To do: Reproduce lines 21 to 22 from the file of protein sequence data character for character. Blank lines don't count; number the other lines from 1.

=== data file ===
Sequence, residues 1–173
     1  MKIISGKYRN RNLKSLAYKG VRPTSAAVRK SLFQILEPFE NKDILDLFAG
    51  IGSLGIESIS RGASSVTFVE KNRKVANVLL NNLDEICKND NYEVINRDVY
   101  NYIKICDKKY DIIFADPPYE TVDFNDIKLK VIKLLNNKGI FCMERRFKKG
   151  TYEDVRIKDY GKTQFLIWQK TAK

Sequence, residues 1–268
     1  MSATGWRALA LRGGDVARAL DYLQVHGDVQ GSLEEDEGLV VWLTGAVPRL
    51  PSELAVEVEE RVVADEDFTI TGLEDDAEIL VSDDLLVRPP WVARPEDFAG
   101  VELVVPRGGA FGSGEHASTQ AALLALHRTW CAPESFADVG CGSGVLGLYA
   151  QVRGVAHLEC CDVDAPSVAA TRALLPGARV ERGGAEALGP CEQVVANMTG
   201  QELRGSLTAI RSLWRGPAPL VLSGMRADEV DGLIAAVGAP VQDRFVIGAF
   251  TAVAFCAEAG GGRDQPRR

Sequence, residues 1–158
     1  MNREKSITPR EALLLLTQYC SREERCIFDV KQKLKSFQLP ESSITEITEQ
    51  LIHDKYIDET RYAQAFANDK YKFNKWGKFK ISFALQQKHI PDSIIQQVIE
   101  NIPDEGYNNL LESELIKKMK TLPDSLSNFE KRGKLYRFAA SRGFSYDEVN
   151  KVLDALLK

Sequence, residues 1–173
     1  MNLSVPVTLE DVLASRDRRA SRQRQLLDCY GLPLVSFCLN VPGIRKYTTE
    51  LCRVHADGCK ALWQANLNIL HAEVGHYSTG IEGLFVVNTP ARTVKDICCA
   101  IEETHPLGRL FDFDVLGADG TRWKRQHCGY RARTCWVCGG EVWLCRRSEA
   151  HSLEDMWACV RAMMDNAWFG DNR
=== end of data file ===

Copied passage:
   101  IEETHPLGRL FDFDVLGADG TRWKRQHCGY RARTCWVCGG EVWLCRRSEA
   151  HSLEDMWACV RAMMDNAWFG DNR